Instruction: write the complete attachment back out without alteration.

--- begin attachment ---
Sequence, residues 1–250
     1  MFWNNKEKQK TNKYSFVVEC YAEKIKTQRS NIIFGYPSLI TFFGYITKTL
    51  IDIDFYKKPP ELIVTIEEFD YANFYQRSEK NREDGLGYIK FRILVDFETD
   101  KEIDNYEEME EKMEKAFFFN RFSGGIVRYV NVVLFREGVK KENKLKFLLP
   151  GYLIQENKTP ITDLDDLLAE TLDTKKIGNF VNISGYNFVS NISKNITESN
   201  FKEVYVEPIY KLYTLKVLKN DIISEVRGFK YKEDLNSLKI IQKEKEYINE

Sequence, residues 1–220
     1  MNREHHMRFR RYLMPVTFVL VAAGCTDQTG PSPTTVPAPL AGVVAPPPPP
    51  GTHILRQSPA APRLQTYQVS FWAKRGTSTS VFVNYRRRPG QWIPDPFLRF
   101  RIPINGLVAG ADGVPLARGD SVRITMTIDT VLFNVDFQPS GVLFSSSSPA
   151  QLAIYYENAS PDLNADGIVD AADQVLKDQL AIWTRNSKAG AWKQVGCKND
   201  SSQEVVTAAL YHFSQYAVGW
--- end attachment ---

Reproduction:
Sequence, residues 1–250
     1  MFWNNKEKQK TNKYSFVVEC YAEKIKTQRS NIIFGYPSLI TFFGYITKTL
    51  IDIDFYKKPP ELIVTIEEFD YANFYQRSEK NREDGLGYIK FRILVDFETD
   101  KEIDNYEEME EKMEKAFFFN RFSGGIVRYV NVVLFREGVK KENKLKFLLP
   151  GYLIQENKTP ITDLDDLLAE TLDTKKIGNF VNISGYNFVS NISKNITESN
   201  FKEVYVEPIY KLYTLKVLKN DIISEVRGFK YKEDLNSLKI IQKEKEYINE

Sequence, residues 1–220
     1  MNREHHMRFR RYLMPVTFVL VAAGCTDQTG PSPTTVPAPL AGVVAPPPPP
    51  GTHILRQSPA APRLQTYQVS FWAKRGTSTS VFVNYRRRPG QWIPDPFLRF
   101  RIPINGLVAG ADGVPLARGD SVRITMTIDT VLFNVDFQPS GVLFSSSSPA
   151  QLAIYYENAS PDLNADGIVD AADQVLKDQL AIWTRNSKAG AWKQVGCKND
   201  SSQEVVTAAL YHFSQYAVGW